This perception is a serious one, given the role of prosecutors in New South Wales is not to secure a conviction at all costs but to independently assess the available material and, where it is in the public interest to pursue a prosecution, to serve that material on the defence in a timely manner (something it has regularly been accused of failing to do) and present the evidence in court in a fair and balanced way with a view to achieving a just outcome – whether that be a conviction or acquittal.

If the perception is indeed accurate, the situation is wasting public funds, putting pressure on the court system and unnecessarily dragging innocent people through the ordeal of a trial, with all the associated mental and financial impact on them and their loved-ones.

Prosecutions Guidelines in New South Wales 

The DPP is bound by Prosecution Guidelines which are issued under section 13(1) of the Director of Public Prosecutions Act 1986,  These guidelines set out the general principles for the initiation and conduct of criminal prosecutions. 

There are many factors which go into determining whether or not the DPP will prosecute a case. These include, but are not limited to considerations such as the seriousness of the offence, the prevalence of the offence in the community, the accused person’s degree of culpability, criminal history and background, and whether the offence occurred while the accused person was serving a sentence, on bail or remand. The DPP will also regard the viability of building a prosecution around the facts and evidence available.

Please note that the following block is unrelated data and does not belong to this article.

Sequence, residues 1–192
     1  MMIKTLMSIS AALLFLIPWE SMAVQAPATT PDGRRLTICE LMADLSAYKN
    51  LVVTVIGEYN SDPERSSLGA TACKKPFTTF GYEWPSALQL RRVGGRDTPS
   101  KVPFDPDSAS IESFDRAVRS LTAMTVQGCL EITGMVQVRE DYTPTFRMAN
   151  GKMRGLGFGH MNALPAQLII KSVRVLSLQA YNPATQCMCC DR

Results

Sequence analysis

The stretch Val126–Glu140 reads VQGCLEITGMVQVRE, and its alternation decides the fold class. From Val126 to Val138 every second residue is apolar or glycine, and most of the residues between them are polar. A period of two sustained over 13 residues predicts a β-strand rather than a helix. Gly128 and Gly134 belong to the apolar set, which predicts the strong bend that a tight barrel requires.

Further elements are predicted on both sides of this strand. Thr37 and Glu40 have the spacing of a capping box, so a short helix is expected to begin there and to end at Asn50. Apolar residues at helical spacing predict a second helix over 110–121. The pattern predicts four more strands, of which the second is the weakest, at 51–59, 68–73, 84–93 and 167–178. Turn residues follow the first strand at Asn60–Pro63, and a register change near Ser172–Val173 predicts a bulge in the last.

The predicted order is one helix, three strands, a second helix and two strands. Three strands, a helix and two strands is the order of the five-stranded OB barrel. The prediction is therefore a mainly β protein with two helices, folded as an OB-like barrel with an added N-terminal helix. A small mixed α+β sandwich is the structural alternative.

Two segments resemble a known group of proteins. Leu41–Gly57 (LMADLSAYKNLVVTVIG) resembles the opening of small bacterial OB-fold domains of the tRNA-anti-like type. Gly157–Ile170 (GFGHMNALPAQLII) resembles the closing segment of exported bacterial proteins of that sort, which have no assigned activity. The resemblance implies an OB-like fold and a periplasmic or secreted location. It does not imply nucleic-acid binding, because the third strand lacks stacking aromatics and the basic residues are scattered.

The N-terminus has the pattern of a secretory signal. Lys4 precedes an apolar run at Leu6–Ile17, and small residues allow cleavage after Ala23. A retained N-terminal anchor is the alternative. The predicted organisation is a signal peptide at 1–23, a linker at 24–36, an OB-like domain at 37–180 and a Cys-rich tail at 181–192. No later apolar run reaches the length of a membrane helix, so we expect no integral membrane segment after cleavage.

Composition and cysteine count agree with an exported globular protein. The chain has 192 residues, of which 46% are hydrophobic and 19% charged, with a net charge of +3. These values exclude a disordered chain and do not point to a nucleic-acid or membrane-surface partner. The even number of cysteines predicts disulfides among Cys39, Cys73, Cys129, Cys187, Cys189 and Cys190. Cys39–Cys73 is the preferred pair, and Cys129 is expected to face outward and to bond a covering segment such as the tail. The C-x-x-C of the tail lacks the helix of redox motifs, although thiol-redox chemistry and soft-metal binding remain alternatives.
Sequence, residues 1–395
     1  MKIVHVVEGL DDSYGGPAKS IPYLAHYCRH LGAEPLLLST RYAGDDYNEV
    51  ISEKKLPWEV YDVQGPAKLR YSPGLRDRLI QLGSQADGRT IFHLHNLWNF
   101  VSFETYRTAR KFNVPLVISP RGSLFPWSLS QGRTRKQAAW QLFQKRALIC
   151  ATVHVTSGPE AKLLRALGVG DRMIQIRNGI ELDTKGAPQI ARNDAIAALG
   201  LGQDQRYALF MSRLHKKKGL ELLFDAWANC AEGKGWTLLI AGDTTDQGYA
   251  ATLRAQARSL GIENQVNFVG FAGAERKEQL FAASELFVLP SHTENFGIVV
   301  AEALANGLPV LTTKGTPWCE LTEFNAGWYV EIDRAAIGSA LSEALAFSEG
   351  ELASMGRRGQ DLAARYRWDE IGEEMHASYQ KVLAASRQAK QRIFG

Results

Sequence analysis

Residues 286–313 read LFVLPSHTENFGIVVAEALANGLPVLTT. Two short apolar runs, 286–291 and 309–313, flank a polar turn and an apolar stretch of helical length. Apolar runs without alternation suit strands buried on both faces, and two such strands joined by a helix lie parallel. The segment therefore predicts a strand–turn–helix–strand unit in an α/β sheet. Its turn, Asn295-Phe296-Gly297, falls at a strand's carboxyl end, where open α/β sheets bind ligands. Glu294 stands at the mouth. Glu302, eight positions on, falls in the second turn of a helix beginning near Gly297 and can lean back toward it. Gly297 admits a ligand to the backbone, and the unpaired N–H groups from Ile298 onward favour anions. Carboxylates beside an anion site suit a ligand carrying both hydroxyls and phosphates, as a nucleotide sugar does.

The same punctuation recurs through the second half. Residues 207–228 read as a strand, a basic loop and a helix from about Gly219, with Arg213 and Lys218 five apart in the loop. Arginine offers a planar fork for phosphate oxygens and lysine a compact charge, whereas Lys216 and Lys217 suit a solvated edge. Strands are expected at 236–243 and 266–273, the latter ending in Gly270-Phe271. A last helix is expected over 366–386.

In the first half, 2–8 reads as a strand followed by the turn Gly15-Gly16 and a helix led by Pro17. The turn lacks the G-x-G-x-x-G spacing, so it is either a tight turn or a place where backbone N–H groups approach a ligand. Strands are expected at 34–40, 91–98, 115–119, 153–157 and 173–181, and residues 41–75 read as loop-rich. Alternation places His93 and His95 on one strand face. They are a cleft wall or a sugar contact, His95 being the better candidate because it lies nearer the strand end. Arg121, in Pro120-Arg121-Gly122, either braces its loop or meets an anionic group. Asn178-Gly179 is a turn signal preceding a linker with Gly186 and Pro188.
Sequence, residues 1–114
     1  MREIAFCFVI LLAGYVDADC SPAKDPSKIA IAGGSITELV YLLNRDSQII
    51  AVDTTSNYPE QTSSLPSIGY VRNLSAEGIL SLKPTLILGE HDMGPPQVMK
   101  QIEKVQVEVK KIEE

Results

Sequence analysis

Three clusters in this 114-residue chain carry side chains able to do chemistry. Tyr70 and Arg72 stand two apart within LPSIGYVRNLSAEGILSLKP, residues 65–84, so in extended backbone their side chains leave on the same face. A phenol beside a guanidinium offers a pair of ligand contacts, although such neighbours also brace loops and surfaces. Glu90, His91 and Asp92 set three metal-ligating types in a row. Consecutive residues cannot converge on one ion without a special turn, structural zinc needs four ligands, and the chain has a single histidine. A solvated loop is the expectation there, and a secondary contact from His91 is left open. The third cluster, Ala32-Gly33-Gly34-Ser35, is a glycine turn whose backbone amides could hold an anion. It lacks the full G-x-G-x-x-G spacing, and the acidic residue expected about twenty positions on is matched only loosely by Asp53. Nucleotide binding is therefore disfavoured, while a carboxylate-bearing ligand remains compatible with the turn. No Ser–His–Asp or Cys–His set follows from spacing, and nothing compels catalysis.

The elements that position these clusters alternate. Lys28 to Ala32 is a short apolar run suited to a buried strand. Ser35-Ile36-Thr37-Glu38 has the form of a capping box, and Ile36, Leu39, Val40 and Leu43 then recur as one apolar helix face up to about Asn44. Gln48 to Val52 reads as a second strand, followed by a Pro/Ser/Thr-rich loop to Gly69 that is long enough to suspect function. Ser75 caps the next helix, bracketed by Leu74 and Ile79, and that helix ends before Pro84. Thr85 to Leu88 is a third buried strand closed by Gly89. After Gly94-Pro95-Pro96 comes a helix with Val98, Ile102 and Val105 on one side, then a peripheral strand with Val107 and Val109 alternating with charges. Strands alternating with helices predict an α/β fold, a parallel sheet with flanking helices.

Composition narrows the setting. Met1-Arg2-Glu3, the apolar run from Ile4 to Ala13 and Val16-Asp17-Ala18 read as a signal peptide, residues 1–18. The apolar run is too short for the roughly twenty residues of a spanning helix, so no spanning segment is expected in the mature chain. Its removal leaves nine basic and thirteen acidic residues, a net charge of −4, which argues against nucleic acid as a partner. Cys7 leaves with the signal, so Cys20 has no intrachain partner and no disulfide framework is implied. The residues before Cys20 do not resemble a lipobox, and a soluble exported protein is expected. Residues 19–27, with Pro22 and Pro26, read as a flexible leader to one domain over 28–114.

The complainant’s attitude towards prosecution, and the impact that prosecution may have are also taken into account. Above all, the DPP has a duty to ensure that those who are guilty are brought to justice, and those who are not, are not wrongly convicted. 

The DPP also has a responsibility to consider the considerable publicly funded expenses of  criminal trials, along with the time members of the community devote to jury service. 

Meritless trials can not only have a devastating effect on those who have been falsely accused, they also impact the justice system by creating unnecessary delays and backlogs on a system that has long been over-burdened, and is still suffering the impact of Covid-19 when  jury trials were suspended for some months. 

Audit of sexual assault cases committed to trial 

The criticism levelled at the New South Wales DPP in recent months has led to the announcement that an audit will be conducted of hundreds of cases, between 300 – 400 which have been committed to trial this year. 

Ms Dowling has indicated that the audit will include all sexual assault matters where the complainant is over the age of 16, and able to legally consent to sexual activity. 

The cases will be reviewed by Crown Prosecutors who are not local to where the case has been listed, to ensure no conflicts of interest arise. The audit is not meant to be a ‘witch hunt’ looking for failures in individual practices, but will consider the nature of prosecutions as a whole. 

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Sonia Hickey

Sonia Hickey is a freelance writer, magazine journalist, and owner of 'Woman with Words'. She has a strong interest in social justice and is a member of the Sydney Criminal Lawyers® content team. Sonia is the winner of the Mondaq Thought Leadership Awards, Spring 2022.